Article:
Bryan Adams’ I Do It For You was my favourite, and I would sing from the top of my voice saying:
“You can teeell me … sinaphehlwana iyoooooo. Dooon’t come for me … I won’t cooome for youuu. You don’t come for meeeeee.”
The actual lyrics are:
“Don’t tell me, it’s not worth tryin’ for. You can’t tell me, it’s not worth dyin’ for. You know it’s true: everything I do, I do it for you.”
Most of us, if not all, have a song, or a long list of songs that have complicated lyrics but sing anyway, replacing the original lyrics with our own. Admit it, sometimes it is difficult, even now, to understand what the artist is singing, but thanks to Google, we just type in the wrong lyrics and Google will give us the correct ones.
People who sing incorrect lyrics have so much confidence that they are willing to sing the song in public and loudly. The same is the case with people who cannot sing, they love singing and do so in public, they even enter singing competitions. How a person convinces themselves that they have the talent, boggles my mind.
In this week’s Jukebox Thursday, we compiled a list of those songs with lyrics we completely misheard:
1. Aphile-Aphile Sololo sings Destiny’s Child’s Survivor in Xhosa
Admit it, it took a lot of creativity to come up with those lyrics and what makes it even more interesting is that she sang this song at a young age, playing with friends.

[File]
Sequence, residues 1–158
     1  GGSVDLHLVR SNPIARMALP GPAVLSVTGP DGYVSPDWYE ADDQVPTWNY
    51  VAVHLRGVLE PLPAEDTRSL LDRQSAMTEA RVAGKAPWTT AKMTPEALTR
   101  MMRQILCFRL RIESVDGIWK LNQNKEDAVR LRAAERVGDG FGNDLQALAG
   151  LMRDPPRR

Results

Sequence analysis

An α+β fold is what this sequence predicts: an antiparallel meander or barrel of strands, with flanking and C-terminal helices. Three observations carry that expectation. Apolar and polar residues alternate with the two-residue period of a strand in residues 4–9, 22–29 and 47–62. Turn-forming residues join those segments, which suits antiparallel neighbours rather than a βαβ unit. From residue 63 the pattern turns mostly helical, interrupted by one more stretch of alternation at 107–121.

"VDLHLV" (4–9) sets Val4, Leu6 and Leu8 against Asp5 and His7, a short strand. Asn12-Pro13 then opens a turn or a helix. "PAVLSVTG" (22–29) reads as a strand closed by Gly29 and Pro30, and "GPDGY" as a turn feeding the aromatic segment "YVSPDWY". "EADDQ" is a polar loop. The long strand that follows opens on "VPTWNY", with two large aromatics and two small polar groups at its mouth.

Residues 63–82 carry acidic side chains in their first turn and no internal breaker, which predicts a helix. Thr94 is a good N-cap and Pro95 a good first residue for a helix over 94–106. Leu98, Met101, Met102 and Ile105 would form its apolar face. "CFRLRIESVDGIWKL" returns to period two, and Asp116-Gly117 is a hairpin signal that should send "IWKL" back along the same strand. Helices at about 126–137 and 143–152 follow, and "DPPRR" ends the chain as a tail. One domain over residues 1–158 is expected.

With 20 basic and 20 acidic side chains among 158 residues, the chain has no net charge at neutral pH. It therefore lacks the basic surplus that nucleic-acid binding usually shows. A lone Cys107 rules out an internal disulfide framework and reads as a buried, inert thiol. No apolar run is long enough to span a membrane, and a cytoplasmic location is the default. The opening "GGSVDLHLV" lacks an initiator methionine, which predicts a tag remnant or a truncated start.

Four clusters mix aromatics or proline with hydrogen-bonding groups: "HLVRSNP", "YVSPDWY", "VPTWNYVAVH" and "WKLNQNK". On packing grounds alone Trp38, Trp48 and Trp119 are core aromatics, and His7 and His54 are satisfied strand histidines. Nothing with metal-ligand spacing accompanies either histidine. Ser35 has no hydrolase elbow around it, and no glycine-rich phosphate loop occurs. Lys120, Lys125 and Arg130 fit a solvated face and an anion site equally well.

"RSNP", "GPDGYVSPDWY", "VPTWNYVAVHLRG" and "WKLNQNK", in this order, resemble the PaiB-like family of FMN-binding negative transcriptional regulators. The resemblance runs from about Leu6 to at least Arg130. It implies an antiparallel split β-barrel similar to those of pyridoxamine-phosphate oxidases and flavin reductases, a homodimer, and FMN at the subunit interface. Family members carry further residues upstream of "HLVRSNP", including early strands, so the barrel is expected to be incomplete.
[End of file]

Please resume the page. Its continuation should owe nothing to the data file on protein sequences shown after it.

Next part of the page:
2. Mariah Carey – Without You or Ken Lee as she kills it
Growing up, Mariah Carey was big, her songs were loved even by children, but those lyrics, eish. Did it stop us from singing? Absolutely not, I commend this woman for not allowing the English language to get in her way of singing her beloved song, let’s put aside the talent for now.
3. Michael Jackson – Don’t Stop ‘Til You Get Enough for “Ke bao ka dibotsotso … Khrismas e fedile!”
We forgave the artists for the long and most complicated lyrics in their verses because we knew we would catch up at the chorus. Need I say more?
4. Lauryn Hill’s Killing me softly on SA Idols
Talk about killing the poor song with incorrect lyrics and a remix. I did not laugh at her, I still don’t sing the correct lyrics even now, but I’ll just Google them now to make sure.
5. Sipho Mabuse “Hotsticks” – Burnout as ‘Nkulunkulu ngi cel’izuka’
Many young people, especially in black townships, would sing the beat of the song as “Nkulunkulu ngi cel’izuka”, translated as “God can I have 5 cent”. Now we know why Hip Hop artists always rap about money, it started at a young age.